WA Hospital Implements Epic EHR to Support Rural Health Network

Following its Epic EHR implementation, a rural hospital in Washington state will soon be able to boost its interoperability between its 15-member healthcare network.

Newport Hospital and Health Services (NHHS), a rural hospital that serves northeast Washington and northern Idaho, announced it is implementing Epic EHR to increase interoperability between the hospital and the other 14 members of the Northwest Rural Health Network, according to the Bonnie County Daily Bee.

NHHS said it will implement the Epic Systems Community Connect model, which the organization said is a cost-effective program that allows hospitals to connect to a larger local hospital in order to connect to the Epic EHR network. It enhances interoperability with the nearby health system, thus increasing referrals and providing a lower cost EHR implementation.

“We believe the Epic platform will allow us to improve overall care and service delivery by simplifying access, streamlining data, and improving the patient and provider experience with better tools at their fingertips,” said Tom Wilbur, NHHS CEO.

Following its upcoming implementation, NHHS will be able to connect to more than 34 hospitals and 475 clinicians in its network, the hospital said.

The health system said the Epic platform will promote interoperability between Newport Health Center and Newport Community Hospital, along with the other hospitals in the Northwest Rural Health Network.

A NHHS patient can make her health records accessible to a separate hospital in the healthcare network, or an independent hospital out of NHHS’ system that also uses the Epic platform. NHHS clinicians or clinicians at a hospital using an Epic Systems EHR can also view or access any EHR, which ultimately improves clinician communication and patient care.

"The ability to access patient records online will help physicians provide better coordinated care and improve quality of health care available across the region," officials said in the release.

The implementation will also result in a new patient portal for NHHS.

Using a mobile phone or computer, a patient can schedule appointments, place orders for prescription refills, communicate with providers, access health education materials, pay bills online, and view health history and lab results.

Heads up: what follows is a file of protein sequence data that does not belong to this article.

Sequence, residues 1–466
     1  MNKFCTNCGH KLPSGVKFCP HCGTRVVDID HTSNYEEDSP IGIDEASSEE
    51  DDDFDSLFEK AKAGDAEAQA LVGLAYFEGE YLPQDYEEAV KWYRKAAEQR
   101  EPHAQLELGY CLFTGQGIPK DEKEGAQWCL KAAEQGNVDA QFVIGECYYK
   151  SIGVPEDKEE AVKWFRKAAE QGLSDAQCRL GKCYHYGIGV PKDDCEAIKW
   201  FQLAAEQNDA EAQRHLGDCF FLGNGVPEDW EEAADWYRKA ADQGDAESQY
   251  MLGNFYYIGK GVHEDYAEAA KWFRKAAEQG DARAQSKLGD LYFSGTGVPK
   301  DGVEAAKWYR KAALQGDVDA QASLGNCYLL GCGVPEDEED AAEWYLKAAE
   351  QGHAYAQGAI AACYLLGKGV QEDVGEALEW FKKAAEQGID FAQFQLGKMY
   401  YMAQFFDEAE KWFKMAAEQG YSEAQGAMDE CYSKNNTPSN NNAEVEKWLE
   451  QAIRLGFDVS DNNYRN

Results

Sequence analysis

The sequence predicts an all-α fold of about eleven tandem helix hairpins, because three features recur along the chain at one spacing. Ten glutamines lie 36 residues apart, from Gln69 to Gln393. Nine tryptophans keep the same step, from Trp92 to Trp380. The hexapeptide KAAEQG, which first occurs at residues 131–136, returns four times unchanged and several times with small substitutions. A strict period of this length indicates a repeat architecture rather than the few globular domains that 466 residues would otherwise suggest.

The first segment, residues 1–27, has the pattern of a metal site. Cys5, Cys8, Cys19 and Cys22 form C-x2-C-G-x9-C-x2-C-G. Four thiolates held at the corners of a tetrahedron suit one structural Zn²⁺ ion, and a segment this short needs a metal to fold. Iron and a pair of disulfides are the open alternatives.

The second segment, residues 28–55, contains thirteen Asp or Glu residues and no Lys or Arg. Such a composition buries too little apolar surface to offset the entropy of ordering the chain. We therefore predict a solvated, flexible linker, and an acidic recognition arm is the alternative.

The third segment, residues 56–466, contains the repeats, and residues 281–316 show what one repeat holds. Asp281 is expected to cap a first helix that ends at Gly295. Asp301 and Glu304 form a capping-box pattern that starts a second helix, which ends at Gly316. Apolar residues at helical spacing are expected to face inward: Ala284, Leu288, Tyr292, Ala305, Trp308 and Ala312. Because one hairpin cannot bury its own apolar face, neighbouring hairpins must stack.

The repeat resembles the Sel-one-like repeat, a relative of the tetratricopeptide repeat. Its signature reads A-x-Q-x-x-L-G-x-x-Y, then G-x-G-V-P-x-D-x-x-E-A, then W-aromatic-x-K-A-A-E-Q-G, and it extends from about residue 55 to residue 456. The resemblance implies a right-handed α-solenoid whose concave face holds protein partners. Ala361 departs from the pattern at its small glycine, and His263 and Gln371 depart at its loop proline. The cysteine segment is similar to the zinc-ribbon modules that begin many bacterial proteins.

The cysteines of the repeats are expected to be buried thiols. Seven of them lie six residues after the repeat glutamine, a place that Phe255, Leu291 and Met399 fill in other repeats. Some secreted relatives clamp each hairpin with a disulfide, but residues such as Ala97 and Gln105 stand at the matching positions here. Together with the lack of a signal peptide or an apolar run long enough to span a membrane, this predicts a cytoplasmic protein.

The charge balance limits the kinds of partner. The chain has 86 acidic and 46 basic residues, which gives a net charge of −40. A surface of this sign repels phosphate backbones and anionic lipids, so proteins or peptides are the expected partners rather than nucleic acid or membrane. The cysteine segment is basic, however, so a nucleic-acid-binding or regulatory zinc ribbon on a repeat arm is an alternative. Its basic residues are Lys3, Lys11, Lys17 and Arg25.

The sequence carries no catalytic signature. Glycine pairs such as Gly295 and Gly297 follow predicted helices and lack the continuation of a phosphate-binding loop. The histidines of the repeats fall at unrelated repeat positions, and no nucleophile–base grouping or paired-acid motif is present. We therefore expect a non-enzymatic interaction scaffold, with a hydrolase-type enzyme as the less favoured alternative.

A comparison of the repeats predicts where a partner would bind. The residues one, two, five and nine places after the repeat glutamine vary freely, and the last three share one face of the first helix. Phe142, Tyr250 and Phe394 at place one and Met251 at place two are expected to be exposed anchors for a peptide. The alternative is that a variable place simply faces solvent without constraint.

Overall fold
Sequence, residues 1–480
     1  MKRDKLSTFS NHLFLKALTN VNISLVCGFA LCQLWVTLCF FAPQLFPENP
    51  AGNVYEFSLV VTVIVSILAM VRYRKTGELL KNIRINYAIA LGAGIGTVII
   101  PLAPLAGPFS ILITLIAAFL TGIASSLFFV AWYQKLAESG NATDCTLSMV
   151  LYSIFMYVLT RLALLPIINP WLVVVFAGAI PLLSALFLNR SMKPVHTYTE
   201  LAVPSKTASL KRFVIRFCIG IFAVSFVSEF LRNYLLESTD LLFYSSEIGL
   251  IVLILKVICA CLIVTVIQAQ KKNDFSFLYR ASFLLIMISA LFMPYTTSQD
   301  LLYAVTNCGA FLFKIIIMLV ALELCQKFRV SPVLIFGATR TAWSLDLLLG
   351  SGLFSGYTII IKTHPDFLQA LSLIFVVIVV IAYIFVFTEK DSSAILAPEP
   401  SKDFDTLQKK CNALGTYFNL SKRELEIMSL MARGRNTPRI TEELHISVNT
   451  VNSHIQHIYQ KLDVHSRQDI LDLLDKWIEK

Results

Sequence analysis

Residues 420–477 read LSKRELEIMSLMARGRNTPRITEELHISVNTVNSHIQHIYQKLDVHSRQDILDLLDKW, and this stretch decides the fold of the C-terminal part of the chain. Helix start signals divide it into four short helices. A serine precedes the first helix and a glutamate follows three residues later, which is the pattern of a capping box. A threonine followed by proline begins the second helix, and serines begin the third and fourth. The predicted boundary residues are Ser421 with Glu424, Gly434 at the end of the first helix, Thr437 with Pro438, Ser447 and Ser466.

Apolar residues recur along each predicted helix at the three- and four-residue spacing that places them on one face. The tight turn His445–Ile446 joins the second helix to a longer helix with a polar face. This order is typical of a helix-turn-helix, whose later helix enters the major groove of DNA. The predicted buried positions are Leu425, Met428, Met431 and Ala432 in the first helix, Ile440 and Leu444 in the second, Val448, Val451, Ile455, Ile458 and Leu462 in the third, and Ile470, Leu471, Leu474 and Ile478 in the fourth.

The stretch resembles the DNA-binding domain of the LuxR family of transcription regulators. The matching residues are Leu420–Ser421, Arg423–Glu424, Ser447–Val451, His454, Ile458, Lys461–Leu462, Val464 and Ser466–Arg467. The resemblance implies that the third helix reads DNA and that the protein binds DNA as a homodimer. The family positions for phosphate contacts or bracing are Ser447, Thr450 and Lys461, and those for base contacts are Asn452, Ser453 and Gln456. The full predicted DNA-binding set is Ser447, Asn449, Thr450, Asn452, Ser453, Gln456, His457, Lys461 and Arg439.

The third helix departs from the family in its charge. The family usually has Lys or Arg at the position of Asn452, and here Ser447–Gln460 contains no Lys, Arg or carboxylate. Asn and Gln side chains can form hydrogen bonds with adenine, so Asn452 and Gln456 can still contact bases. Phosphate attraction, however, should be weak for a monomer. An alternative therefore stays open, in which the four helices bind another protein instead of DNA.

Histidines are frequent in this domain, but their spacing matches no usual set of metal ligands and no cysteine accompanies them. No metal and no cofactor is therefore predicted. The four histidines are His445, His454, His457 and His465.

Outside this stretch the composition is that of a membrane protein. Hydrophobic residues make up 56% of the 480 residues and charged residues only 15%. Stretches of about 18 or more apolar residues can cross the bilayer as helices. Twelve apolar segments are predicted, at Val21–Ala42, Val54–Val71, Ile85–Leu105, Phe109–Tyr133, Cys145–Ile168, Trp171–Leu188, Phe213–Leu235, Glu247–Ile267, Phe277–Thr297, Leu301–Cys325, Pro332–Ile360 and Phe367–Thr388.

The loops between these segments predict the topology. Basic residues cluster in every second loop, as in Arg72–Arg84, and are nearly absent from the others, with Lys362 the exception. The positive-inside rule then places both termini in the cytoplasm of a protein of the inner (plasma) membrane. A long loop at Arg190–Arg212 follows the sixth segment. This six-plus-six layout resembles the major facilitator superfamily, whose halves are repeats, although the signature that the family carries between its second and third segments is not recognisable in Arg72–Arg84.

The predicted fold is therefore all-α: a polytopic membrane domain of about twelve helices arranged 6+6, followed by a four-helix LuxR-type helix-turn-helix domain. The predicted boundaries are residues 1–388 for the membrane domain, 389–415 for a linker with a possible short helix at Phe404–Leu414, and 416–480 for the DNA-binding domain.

The EHR implementation is set for March 13.

NHHS, which is a critical access hospital and a rural healthcare clinic, offers primary care and outpatient services, such as radiology, laboratory, pathology, and physical therapy.

Interoperability has long been a challenge for small and rural hospitals.

The most recent ONC Data Brief found that 80 percent of medium to large hospitals participated in either a state, regional, or local HIE network. This compared to only 68 percent of small, rural hospitals that participated in HIE networks. Less than 50 percent of small, rural, and critical access hospitals (CAHs) participated in national as well as state, regional, or local HIE networks.

Small or rural organizations and CAHs reported participating in neither a national HIE, a state, regional, or local HIE compared to larger or more suburban hospitals.

Although Community Connect platform members have reported decreased satisfaction and have blamed Epic for allowing host organizations to deliver a sub-par experience compared to the vendor’s usual high standard, NHHS leaders are leaning on Epic’s interoperability.

Epic is the first vendor to make real progress toward universal patient data sharing and interoperability analyses have indicated.

In a recent KLAS report, almost all Epic users reported access to outside data and nearly two-thirds achieve “deep interoperability.” However, its most progressive customers want the vendor to increase its use of APIs.

“Records from exchange partners are presented fairly automatically, allowing clinicians to make better use of data at the point of care,” wrote KLAS. “This success is tied to satisfaction improvements with outside-record sharing and increased participation in Carequality, as well as Epic’s proactive approach to progressing interoperability. Both Epic and nonEpic customers feel the vendor’s commitment to outside sharing has grown.”

Next Steps

Dig Deeper on Clinical documentation

Cloud Computing
Mobile Computing